Best Features/Things to Do: Swimming, boating, and hiking are the most popular activities at Walden Pond State Park. They do not permit biking on the trails. Guests can also visit a replica of Thoreau’s single-room cabin.

7. Assateague State Park – Maryland

Location: 7307 Stephen Decatur Highway, Berlin, MD 21811

About: Maryland’s only oceanfront state park, Assateague State Park, is home to the park’s famous wild ponies. The park is also along the Atlantic flyway, so guests will likely see egrets, herons, ospreys, and even peregrine falcons. Assateague Island is a barrier island with two miles of beaches and secluded coves within Sinepuxent Bay.

Best Features/Things to Do: The day-use area offers beach access for visitors to swim and search for seashells. The famous Pony Express Snack Bar is a prime location to view wild horses. Guests can also book campsites on the beach and enjoy boating and fishing along the shore or from the pier.

8. Waimea Canyon State Park – Hawaii

Location: State Hwy 550, Waimea, HI 96796

About: Waimea Canyon State Park overlooks the gorge of Waimea Canyon. The park’s scenic drive allows guests to view the vastness, depth, and stunning colors of the gorge. They do not permit pets here, and there are no campsites. Pig and goat hunting is seasonal.

Best Features/Things to Do: Sightseeing is the most popular activity in Waimea Canyon State Park. The overlooks along the park’s scenic drive offer glimpses into the natural beauty of this Hawaiian treasure. There are also walking paths and fishing opportunities.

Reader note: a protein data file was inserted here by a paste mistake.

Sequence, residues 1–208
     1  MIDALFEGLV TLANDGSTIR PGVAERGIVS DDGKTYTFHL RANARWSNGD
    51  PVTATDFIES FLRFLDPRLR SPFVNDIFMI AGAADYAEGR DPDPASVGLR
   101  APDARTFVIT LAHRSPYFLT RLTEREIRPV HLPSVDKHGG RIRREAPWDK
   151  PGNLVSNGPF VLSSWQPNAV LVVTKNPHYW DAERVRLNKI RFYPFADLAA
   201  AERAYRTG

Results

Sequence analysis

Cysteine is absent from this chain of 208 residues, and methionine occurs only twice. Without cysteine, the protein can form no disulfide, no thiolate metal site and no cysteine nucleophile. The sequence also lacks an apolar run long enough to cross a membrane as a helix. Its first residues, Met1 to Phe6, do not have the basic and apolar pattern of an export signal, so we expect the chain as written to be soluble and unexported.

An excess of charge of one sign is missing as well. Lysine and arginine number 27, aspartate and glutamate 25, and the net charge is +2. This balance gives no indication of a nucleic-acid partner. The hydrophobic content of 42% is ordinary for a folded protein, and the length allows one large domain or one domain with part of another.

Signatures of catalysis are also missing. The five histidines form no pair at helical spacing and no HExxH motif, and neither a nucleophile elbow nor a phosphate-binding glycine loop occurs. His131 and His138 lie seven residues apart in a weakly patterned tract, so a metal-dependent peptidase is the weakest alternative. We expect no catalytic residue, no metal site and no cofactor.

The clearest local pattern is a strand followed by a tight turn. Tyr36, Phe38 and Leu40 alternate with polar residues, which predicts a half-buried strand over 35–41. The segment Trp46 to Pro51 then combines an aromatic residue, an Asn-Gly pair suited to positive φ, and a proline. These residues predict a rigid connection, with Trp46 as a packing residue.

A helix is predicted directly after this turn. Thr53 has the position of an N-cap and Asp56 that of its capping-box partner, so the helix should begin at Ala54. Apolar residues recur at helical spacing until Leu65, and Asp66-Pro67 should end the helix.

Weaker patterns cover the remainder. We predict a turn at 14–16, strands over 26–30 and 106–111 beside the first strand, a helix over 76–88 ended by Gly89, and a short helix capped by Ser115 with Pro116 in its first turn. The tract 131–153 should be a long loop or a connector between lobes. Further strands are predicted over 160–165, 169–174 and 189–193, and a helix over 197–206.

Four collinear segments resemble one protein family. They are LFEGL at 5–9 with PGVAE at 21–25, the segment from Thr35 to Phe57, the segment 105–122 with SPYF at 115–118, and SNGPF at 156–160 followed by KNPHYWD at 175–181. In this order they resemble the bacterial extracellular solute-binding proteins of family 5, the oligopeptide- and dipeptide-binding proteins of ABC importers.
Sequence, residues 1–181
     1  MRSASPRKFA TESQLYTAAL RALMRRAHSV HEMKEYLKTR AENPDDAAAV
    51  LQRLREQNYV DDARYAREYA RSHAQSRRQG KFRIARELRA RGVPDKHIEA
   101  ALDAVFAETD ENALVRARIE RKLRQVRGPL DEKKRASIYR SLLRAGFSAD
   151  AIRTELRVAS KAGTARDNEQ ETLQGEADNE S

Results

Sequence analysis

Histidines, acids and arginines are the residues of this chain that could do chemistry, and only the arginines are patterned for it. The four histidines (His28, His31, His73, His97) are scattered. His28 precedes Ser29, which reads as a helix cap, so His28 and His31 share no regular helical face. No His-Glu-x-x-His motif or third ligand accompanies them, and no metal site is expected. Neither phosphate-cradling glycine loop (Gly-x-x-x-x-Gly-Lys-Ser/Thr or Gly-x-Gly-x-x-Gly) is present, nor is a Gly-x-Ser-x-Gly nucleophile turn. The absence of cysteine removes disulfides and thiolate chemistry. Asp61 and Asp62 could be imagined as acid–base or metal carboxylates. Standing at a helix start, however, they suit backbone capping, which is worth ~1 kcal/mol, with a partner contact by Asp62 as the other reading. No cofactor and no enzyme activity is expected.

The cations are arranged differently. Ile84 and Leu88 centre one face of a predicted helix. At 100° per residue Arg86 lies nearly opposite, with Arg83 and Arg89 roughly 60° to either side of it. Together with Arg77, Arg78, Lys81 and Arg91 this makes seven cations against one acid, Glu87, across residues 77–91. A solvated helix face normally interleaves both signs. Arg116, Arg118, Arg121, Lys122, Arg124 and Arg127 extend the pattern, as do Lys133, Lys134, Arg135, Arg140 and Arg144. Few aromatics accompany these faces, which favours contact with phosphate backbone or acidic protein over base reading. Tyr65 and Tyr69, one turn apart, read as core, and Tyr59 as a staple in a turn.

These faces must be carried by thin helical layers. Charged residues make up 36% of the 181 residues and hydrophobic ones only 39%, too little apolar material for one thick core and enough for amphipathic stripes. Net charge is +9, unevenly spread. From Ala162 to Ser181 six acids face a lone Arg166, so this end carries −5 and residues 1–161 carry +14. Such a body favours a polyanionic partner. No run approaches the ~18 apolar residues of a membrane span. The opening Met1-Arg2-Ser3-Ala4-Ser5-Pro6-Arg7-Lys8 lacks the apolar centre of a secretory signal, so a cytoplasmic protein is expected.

9. Valley of Fire State Park – Nevada

Location: 29450 Valley of Fire Hwy, Overton, NV 89040

About: Valley of Fire State Park contains 40,000 acres of bright red sandstone among gray and tan limestone. Ancient petrified trees and petroglyphs date back more than 2,000 years. To learn more about the history and geology of the park, guests can visit the Visitor Center.

Best Features/Things to Do: Hiking, picnicking, and camping are popular park activities. There are two first-come, first-served campgrounds and one RV campground with partial hookups. Old Arrowhead Road is the only trail allowing bicycles and horses. The trails range from 0.1 miles to Balancing Rock to the 6.8-mile-long Old Arrowhead Road trail.

10. Black Mesa State Park – Oklahoma

Location: County Road 325, Kenton, OK 73946

About: Black Mesa State Parks gets its name from the layer of black lava rock that coated the mesa about 30 million years ago. Visitors can enjoy 1,600 acres, 23 rare plants, and eight rare animals. The plateau is 4,973 feet above sea level, Oklahoma’s highest point.

Best Features/Things to Do: This park is famous for its dark skies. The annual Perseid meteor shower in August draws in numerous astronomy enthusiasts. Campsites are available at Lake Carl Etling, adjacent to the state park. Hiking, paddling, and fishing are other popular activities.

Are State Parks Worth Visiting? 

If you want to escape the crowds of National Parks, visit your local state parks. You won’t lose out on the natural beauty, history, or cultural heritage, as each location offers a unique glimpse into the geological past or ancient traditions. State parks are generally less expensive than National Parks, making a road trip to several sites easier on the budget.

The next time you plan a trip, consider visiting nearby state parks. Check out the available campgrounds and enjoy the scenic views from your front door.

Which state park will you visit first? Tell us in the comments!